A closer look at abortion rights in New Mexico
ALBUQUERQUE, N.M. – While the Supreme Court’s final decision on abortion does not make it illegal nationwide, the issue has now been thrown back to the states as to if abortions are restricted or banned.
In New Mexico, abortion will remain legal because of action taken by the state’s Legislature. However, that’s not the case for most of the neighboring states as Texas, Oklahoma, Arizona and Utah all have laws on the books that ban abortion.
New Mexico’s abortion law was put on the books in 1969. It banned abortions except in cases of rape, incest, or if it was necessary to save a woman’s life. New Mexico’s law became unenforceable following the Supreme Court decision in Roe v. Wade in 1973. It sat on the books, dormant, until February 2021.
That’s when Gov. Michelle Lujan Grisham signed a bill that struck that old law from the books.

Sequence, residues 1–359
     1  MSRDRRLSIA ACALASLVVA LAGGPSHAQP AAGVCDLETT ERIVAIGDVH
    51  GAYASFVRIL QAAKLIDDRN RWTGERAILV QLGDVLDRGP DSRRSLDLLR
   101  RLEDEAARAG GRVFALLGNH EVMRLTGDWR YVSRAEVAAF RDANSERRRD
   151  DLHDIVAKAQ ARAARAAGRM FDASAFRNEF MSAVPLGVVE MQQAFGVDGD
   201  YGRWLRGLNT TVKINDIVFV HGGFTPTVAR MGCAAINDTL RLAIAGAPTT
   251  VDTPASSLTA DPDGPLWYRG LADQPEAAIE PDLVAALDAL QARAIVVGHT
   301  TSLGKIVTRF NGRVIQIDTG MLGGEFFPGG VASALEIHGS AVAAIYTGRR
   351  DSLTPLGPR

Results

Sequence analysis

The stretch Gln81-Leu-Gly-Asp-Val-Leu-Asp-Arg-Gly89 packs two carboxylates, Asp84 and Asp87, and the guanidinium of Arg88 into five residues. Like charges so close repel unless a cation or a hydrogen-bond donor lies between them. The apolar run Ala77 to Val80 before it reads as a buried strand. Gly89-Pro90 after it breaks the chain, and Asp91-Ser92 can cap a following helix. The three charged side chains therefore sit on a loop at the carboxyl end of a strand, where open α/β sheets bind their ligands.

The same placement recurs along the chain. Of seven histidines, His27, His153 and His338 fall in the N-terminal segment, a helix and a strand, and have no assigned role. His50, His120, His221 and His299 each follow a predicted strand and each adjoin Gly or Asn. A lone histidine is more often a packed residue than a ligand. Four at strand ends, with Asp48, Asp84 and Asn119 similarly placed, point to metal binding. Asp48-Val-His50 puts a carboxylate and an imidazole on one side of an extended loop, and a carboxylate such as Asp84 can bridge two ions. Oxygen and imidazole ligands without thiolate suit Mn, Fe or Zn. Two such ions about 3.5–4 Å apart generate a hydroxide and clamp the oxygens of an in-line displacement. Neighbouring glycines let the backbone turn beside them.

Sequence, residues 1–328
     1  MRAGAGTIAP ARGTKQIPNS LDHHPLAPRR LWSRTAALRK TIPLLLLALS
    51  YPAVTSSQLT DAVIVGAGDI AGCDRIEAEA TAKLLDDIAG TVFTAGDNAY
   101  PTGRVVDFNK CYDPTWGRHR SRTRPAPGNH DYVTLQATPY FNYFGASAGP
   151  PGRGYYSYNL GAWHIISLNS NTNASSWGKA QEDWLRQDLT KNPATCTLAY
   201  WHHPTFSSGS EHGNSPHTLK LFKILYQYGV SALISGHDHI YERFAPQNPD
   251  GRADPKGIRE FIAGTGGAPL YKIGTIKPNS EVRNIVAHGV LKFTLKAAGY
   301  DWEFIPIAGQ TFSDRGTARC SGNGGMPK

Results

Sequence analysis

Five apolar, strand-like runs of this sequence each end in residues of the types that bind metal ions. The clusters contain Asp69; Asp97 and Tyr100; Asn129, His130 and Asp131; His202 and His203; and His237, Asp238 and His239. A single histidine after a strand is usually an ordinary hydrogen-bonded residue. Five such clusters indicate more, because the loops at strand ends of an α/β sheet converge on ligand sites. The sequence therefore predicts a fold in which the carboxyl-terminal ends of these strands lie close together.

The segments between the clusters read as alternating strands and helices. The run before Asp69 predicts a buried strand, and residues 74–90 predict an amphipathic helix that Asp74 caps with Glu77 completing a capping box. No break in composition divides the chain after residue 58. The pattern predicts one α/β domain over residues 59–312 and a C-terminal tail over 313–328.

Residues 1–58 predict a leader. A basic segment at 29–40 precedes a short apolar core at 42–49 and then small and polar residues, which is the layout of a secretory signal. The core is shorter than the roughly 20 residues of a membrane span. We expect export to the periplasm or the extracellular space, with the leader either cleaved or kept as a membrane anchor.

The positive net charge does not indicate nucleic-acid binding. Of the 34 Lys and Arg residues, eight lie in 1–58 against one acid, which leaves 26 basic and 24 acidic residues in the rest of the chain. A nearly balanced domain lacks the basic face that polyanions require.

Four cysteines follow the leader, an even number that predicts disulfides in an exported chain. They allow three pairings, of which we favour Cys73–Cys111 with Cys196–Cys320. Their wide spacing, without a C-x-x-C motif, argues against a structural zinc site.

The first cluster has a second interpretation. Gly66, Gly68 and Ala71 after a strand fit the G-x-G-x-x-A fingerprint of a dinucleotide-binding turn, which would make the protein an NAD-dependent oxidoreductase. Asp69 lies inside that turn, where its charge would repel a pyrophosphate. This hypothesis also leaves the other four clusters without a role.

“This is about women who deserve the right, particularly when there are untenable circumstances, to have a relationship with their provider and control over their own bodies and we know when that occurs, frankly, we are saving lives,” said Lujan Grisham.
With the law off the books, abortion will be legal in New Mexico – even as Roe v. Wade is struck down.
In neighboring Colorado, they took it even a step further than New Mexico.
Gov. Jared Polis recently signed the Reproductive Health Equity Act into law. The legislation makes it a right for people to make reproductive health care decisions without government interference.
New Mexico is expected to see an influx of patients seeking abortions.
Last October, in a court decision on a legal challenge to the Texas law, a judge wrote that following the passage of Texas law, New Mexico clinics became overwhelmed. The judge also wrote that nearly a third of all abortions at New Mexico health centers at the time were for Texas patients.